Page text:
Water Security is National Security

Water resources and how they are managed impact almost all aspects of society and the economy, in particular health, food production and security, domestic water supply and sanitation, energy, industry, and the functioning of ecosystems. Under present climate variability, water stress is already high, particularly in many developing countries, and climate change adds even more urgency for action. Without improved water resources management, the progress towards poverty reduction targets, the Millennium Development Goals, and sustainable development in all its economic, social and environ- mental dimensions, will be jeopardized. UN Water.Org

Sunday, October 30, 2011

Tucson shows the way in water management

As a crippling drought grips much of the Southern and Southwestern United States, the population continues to grow and water resources become scarcer. In Tucson residents will soon hand cash rebates to residents who install home rainwater-harvesting systems — a technique well-known to off-grid homeowners, which is now entering the mainstream.

The City Council approved $100,000 pilot program Tuesday that will be the precursor for a rebate system intended to go into effect next year.Rebates could be in the range of $850, said interim Water Director Andrew Quigley, which, in a far-sighted move, is the amount the city currently rebates for gray-water systems. Rainwater harvesting captures rainwater for use on a property, while gray-water harvesting reuses water from washing machines, sinks, showers and bathtubs for irrigation.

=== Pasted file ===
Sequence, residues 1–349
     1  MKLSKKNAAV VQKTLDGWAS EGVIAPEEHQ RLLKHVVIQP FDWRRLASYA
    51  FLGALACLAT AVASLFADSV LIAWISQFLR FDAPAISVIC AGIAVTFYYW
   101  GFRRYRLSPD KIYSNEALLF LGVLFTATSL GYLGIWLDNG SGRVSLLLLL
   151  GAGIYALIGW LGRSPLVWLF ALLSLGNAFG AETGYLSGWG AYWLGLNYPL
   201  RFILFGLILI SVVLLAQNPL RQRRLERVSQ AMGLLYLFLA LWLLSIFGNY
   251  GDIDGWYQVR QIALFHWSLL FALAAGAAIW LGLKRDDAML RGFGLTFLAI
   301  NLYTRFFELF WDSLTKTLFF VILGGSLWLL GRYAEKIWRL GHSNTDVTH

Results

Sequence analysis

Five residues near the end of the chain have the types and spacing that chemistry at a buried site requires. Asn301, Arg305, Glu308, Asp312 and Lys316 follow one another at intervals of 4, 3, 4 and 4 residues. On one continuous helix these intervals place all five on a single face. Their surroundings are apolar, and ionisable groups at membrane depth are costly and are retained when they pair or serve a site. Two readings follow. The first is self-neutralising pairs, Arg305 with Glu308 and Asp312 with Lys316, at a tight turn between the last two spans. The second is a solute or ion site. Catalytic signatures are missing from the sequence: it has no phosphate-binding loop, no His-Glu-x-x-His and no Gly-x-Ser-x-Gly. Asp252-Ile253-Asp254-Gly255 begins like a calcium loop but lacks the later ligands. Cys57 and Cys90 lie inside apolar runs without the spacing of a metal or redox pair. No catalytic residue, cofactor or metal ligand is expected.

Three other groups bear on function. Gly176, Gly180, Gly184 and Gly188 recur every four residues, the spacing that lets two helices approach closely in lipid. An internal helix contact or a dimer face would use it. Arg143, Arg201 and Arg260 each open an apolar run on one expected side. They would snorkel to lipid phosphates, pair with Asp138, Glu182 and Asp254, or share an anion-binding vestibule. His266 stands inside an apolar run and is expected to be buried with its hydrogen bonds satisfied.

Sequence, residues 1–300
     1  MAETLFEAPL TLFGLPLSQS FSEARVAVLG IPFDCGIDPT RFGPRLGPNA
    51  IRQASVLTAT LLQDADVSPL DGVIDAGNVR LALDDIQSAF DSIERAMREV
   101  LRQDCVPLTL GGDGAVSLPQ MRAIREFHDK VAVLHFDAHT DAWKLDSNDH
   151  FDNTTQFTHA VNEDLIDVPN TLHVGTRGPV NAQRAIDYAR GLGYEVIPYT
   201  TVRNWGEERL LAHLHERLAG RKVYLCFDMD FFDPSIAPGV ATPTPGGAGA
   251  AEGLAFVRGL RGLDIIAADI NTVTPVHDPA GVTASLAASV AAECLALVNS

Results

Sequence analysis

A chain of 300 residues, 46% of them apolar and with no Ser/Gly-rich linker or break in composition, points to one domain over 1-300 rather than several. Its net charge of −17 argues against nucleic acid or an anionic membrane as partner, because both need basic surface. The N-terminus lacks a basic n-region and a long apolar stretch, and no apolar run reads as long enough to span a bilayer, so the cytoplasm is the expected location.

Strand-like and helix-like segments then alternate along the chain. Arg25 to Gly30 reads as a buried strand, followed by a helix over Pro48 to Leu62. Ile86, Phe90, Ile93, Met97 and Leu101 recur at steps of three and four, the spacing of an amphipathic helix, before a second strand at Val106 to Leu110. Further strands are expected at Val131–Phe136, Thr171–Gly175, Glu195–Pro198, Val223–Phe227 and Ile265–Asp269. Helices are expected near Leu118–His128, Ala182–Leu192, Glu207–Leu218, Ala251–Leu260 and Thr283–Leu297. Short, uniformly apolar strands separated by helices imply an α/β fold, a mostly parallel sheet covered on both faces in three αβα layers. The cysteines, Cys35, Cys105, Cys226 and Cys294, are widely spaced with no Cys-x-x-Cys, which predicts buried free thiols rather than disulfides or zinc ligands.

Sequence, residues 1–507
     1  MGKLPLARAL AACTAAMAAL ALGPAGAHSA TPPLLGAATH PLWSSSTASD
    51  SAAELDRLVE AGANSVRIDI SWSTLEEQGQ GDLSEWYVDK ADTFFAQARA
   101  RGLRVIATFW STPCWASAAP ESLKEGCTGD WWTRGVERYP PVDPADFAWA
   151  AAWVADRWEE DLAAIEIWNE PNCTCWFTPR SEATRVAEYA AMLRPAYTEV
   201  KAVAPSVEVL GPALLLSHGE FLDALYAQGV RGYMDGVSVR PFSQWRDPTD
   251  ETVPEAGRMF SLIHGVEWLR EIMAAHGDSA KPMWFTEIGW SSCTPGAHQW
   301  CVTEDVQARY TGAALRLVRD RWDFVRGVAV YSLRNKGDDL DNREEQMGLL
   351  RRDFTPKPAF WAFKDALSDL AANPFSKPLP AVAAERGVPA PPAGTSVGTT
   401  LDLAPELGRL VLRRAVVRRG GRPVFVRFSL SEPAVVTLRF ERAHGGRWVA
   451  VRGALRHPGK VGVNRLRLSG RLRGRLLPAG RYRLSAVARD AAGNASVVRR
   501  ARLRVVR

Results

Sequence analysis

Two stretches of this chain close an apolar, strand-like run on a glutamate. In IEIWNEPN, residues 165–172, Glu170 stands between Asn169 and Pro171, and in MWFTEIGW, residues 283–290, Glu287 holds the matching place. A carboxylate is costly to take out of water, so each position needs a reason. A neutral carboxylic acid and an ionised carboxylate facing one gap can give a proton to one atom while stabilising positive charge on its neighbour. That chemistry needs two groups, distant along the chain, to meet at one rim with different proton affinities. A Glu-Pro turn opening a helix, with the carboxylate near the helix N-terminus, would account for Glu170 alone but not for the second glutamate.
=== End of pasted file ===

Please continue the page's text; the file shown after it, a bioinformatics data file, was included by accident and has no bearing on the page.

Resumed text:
The rebates are not expected to begin until July 2012, because Tucson Water which spent $23,000 setting up a similar gray- water-harvesting rebate program, is now spending $100,000 to set up the rainwater program.

In the United States, a typical water-harvesting system can cost between $2,500 and $4,500, said Lincoln Perino, who installs them in Tucson for Technicians for Sustainability. More

Thursday, October 27, 2011

Pakistan tackles water crisis with rainwater harvesting

MORRY-JE-WANDH, Pakistan (AlertNet) – Wearing colourful traditional dresses with silver jewellery and bangles on their arms, the women of Tharparkar district look festive. But the empty earthen pots they carry tell a different story.

“Walking for three miles and (hoisting) a … bucket filled with water through a wooden pulley from a 130-feet-deep well twice a day is toilsome work,” says Marvi Bheel, who lives in isolated Morry-je-  Wandh village in this arid district of Sindh province, some 450 km (280 miles) south-east of Karachi.
Increasing temperatures and lower rainfalls, believed to be associated with climate change, are creating intense water shortages in much of Pakistan, a situation which is likely to worsen if the country’s 170 million population doubles as projected in the next 25 years.
In response, non-governmental organizations are trying to improve water harvesting in rural areas. A pilot project in Morry-je-Wandh has seen the construction of a large covered pond with the capacity to supply the domestic and drinking water needs of 20 families (135 villagers) for more than eight months. 

Wednesday, October 12, 2011

Water emergencies grip Tuvalu & Tokelau

As governments and aid agencies scramble to deliver desalination plants and bottled water to drought stricken Pacific Island nations of Tuvalu and Tokelau, other Pacific Island nations - Samoa and the Cook Islands - are preparing for a similar fate.
Is this band-aid approach to solving this problem going to be enough?

Redina Auina, spokeswoman for the Tuvalu Faith Based Youth network, who partner with 350.org, is in Tuvalu and describes the feelings of people as they face the reality of less than 5 days of drinkable water in the nations capital, Funafuti --